No country on the planet (disregarding city states like Singapore) has a higher share of its population clustered in just five cities – two thirds of us live in Sydney, Melbourne, Brisbane, Perth, and Adelaide.
So, what’s holding us back? Money, politics, and public acceptance.
Money might just be available. Globally, as the big and rich Baby Boomer cohort reaches old age, capital loses its appetite for risky investments. What’s bad news for the tech and start-up world might be good for Australian infrastructure and property. These are tried and proven, low risk investments. Australia could use foreign capital to build the infrastructure and homes that are so desperately needed.
We also need to depoliticise infrastructure spending to make sure the right stuff is being built as soon as humanly possible. Party A commissions a tunnel, gets voted out, Party B cancels the tunnel, gets votes out, Party A returns to power and commissions the tunnel again. That pattern slows infrastructure development down to snail’s pace.
We need to depoliticise infrastructure spending to make sure the right stuff is being built as soon as humanly possible.
And no more favouritism for marginal seats, please. Depoliticising infrastructure is outrageously difficult as it asks politicians to relinquish decision-making power. Let’s depoliticise infrastructure so that a body like Infrastructure Australia, managed by politically independent technocrats, gets to decide which infrastructure projects will be prioritised. The politicians only get to decide on the size of the infrastructure budget.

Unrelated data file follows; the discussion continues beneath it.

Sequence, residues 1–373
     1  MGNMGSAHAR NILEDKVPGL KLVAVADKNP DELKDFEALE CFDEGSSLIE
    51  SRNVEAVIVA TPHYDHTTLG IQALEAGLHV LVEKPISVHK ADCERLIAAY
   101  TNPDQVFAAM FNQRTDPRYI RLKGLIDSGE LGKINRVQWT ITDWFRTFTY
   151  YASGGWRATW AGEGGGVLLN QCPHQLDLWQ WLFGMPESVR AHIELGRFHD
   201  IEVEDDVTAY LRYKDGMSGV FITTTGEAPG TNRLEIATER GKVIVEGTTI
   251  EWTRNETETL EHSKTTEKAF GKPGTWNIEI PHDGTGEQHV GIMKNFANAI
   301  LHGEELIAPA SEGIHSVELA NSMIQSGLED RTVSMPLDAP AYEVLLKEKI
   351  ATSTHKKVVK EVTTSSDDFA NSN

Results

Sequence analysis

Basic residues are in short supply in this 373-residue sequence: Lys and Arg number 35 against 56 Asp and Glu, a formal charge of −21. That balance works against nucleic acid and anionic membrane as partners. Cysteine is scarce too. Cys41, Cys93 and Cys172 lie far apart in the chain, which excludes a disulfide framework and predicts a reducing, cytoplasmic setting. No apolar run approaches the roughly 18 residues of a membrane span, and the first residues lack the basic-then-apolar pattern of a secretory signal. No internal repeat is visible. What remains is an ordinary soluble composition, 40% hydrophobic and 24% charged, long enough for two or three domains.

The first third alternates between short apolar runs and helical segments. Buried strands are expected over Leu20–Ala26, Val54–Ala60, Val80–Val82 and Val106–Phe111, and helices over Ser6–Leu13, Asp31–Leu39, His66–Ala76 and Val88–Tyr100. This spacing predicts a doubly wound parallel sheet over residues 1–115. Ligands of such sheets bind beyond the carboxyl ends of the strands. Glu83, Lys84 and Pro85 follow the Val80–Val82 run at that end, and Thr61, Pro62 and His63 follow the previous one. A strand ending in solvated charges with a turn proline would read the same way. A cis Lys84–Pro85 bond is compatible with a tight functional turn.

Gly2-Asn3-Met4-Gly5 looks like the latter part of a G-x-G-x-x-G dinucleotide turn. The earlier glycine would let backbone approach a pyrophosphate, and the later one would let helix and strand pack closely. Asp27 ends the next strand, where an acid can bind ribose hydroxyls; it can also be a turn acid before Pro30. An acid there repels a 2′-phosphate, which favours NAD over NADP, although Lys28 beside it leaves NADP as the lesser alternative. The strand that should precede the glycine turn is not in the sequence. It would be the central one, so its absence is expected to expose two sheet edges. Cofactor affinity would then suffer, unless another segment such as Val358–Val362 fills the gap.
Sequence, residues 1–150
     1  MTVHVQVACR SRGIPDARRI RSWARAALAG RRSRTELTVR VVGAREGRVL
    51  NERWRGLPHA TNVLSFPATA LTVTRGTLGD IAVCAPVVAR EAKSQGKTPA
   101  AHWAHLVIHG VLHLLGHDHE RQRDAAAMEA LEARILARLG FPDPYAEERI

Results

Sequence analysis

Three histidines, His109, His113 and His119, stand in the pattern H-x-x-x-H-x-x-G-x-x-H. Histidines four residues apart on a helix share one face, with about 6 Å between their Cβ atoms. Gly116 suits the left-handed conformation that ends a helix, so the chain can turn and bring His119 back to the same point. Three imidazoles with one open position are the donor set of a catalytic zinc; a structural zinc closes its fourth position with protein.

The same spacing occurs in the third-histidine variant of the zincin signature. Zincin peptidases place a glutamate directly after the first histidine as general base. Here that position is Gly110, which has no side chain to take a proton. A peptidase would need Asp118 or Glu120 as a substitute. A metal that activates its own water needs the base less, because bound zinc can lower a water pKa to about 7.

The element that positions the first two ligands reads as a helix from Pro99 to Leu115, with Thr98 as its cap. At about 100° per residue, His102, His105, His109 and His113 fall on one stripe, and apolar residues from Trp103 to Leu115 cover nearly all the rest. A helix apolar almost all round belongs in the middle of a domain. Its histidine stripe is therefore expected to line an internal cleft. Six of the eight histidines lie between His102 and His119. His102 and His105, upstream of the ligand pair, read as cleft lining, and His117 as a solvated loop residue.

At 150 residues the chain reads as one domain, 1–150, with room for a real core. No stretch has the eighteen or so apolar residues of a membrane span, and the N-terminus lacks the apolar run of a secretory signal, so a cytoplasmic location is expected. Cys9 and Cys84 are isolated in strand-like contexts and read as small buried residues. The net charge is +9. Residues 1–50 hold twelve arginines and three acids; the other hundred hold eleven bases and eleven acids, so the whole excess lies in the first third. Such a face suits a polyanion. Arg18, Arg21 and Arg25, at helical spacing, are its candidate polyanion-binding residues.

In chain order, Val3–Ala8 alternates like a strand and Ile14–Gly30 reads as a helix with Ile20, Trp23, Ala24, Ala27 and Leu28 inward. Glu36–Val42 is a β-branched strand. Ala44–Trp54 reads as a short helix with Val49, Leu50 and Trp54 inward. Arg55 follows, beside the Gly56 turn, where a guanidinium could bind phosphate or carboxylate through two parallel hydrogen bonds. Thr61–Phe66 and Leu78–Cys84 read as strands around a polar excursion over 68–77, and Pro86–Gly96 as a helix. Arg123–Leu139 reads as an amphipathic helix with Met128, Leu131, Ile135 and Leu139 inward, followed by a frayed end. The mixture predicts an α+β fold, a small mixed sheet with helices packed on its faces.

A country growing rapidly year after year will inevitably look and feel different. Many people can’t handle such change if it’s in their backyard and become passionate NIMBYs. Local politicians were voted into power by the current population and will always favour their interests over those of future populations (who can’t vote for them).
The immediate future will see a nationwide neutering of local governments. States already began wrestling back decision-making power. I expect the states to set strict housing targets for each local government. The build it and they will come approach to housing supply is an efficient way to control the relative growth rates of cities and gives states some level of control to grow smaller cities at a faster pace than the capital cities.
No room for denial
Our cities, big and small, will see significant changes in the next few years. I would argue there is no plausible way around this and everyone from councils to investors to residents must come to terms with them. We need a strategy on federal, state, and local level to prepare for the next six decades. These planning documents must be interconnected and lay out a clear path forward. It’s crucial that residents can see the long-term implications of inaction and are being sold on the benefits of action.
One of the biggest hurdles in preparing Australia for the future is to deny that certain developments will occur (this very much applies to climate change deniers by the way). We will see 400,000 new Australian residents year after year for decades. Whether you like this development or not, take it as a given and prepare Australian infrastructure and the urban landscape accordingly.
Let’s spread our future population across a larger number of cities; let’s increase density in the middle suburbs of our capital cities; let’s ensure denser development in the name of the environment (we’ve been building over attractive farmland on the urban fringe for too long); let’s ensure new developments are walkable and connected to adequate infrastructure from the start; let’s grab some foreign investment dollars to build all that new stuff; let’s remove red tape and speed up approval processes (apartment complexes often take eight years to come online); let’s do all this with the noble goal in mind that we want to create a liveable and affordable Australia for all.
Demographer Simon Kuestenmacher is a co-founder of The Demographics Group. His columns, media commentary and public speaking focus on current socio-demographic trends and how these impact Australia. Follow Simon on Twitter, Facebook, LinkedIn for daily data insights in short format.